DCSIMG

Police warning over latest fraud activity

editorial image

editorial image

Fraudsters are developing new ways to trick people in to revealing their bank payment authorisation details, police have warned.

According to the PSNI, the new ‘vishing’ and phishing’ scam methods of obtaining bank details are increasingly sophisticated.

Targeting both business and personal customers, focussed phone (known as vishing attacks) and email (known as phishing attacks) tactics are used to try and trick users into passing on their customer log-in information.

The fraudsters use a process of what police describe as “social engineering” - or a “grooming” process - on their victims in order to make them comply with their requests.

A police spokesman said: “Usually they make contact to say they represent the bank or another well known company and have already garnered some information about the company or individual.

During the course of a phone call or email, they elicit enough information to take control of the online banking. The people behind this are organised and knowledgeable both about systems and the companies they claim to represent, as well as the people that they victimise.

“You as the customer are the first and best line of defence against this kind of fraud. It is vital that each individual is aware of online security threats, can spot attempted fraud and take steps to avoid this.”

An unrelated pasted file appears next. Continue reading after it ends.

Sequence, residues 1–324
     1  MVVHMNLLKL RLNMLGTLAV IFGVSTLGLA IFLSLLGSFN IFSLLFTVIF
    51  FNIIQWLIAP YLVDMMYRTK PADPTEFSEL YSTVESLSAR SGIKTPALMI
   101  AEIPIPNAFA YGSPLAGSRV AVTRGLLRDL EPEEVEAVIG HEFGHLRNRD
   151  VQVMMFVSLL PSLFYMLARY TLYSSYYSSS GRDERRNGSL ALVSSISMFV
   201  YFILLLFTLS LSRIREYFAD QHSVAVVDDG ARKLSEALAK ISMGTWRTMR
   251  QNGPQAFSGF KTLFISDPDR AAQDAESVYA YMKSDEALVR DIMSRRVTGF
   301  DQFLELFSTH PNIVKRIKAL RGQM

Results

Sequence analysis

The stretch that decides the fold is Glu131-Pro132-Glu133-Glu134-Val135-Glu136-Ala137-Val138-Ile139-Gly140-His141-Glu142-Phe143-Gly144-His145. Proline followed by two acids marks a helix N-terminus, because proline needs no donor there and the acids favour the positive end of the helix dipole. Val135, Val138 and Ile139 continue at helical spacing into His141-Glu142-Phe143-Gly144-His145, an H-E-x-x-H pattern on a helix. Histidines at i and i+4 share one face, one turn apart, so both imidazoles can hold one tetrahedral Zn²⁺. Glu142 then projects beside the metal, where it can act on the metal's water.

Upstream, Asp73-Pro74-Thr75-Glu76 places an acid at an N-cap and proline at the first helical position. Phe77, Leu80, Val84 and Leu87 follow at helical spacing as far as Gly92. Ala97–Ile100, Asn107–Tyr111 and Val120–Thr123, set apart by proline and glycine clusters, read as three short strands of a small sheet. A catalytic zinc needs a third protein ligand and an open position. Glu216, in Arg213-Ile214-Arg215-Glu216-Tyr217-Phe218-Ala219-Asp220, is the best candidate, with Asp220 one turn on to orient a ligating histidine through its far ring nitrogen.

The PSNI advise that:

1. Legitimate companies and banks will NEVER ask for your full PIN and password online.

2. Legitimate companies and banks will NEVER telephone you to ask for your banking PIN and password. Telephone calls asking for these details will not be from the bank or company, therefore the person calling is likely to be a fraudster.

“Any unsolicited communication or contact from your bank or another company should be checked. Please contact the bank or company in the event that you are approached by phone. Try and use a separate phone from the one that you have been contacted on as the fraudsters can hold open your phone line and trick you into believing that you are contacting your bank,” the spokesman added.

The police further advise that you do not disclose account details or access arrangements with anyone from the bank unless you have contacted them directly.

Anyone approached in this way, or who has fallen victim to this type of scam, is advised to report it to the bank or company immediately, and report the matter to your local police station on 0845 600 8000.

Action Fraud can also be contacted by telephoning 0300 123 2040 or by visiting their website at www.actionfraud.police.uk/home

 

Comments

 
 

Back to the top of the page